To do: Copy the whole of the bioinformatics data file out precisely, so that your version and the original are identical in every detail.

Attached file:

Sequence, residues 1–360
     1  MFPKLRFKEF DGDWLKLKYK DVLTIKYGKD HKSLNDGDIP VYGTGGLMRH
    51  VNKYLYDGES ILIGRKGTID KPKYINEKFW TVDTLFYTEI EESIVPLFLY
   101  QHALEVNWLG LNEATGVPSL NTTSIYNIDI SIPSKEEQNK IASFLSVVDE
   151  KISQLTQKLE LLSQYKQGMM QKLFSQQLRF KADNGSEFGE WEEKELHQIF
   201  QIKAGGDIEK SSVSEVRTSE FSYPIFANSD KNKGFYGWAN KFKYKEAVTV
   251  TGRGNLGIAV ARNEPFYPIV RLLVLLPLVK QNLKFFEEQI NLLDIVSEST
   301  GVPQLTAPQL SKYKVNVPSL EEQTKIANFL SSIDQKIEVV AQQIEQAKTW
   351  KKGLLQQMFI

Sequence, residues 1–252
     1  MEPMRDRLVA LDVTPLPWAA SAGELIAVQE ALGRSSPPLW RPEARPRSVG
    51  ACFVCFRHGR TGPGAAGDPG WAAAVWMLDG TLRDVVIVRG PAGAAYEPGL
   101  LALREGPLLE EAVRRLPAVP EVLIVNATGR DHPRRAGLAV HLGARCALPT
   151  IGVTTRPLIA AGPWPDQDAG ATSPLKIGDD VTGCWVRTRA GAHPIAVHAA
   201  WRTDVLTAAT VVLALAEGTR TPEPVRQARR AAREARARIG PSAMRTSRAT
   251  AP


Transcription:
Sequence, residues 1–360
     1  MFPKLRFKEF DGDWLKLKYK DVLTIKYGKD HKSLNDGDIP VYGTGGLMRH
    51  VNKYLYDGES ILIGRKGTID KPKYINEKFW TVDTLFYTEI EESIVPLFLY
   101  QHALEVNWLG LNEATGVPSL NTTSIYNIDI SIPSKEEQNK IASFLSVVDE
   151  KISQLTQKLE LLSQYKQGMM QKLFSQQLRF KADNGSEFGE WEEKELHQIF
   201  QIKAGGDIEK SSVSEVRTSE FSYPIFANSD KNKGFYGWAN KFKYKEAVTV
   251  TGRGNLGIAV ARNEPFYPIV RLLVLLPLVK QNLKFFEEQI NLLDIVSEST
   301  GVPQLTAPQL SKYKVNVPSL EEQTKIANFL SSIDQKIEVV AQQIEQAKTW
   351  KKGLLQQMFI

Sequence, residues 1–252
     1  MEPMRDRLVA LDVTPLPWAA SAGELIAVQE ALGRSSPPLW RPEARPRSVG
    51  ACFVCFRHGR TGPGAAGDPG WAAAVWMLDG TLRDVVIVRG PAGAAYEPGL
   101  LALREGPLLE EAVRRLPAVP EVLIVNATGR DHPRRAGLAV HLGARCALPT
   151  IGVTTRPLIA AGPWPDQDAG ATSPLKIGDD VTGCWVRTRA GAHPIAVHAA
   201  WRTDVLTAAT VVLALAEGTR TPEPVRQARR AAREARARIG PSAMRTSRAT
   251  AP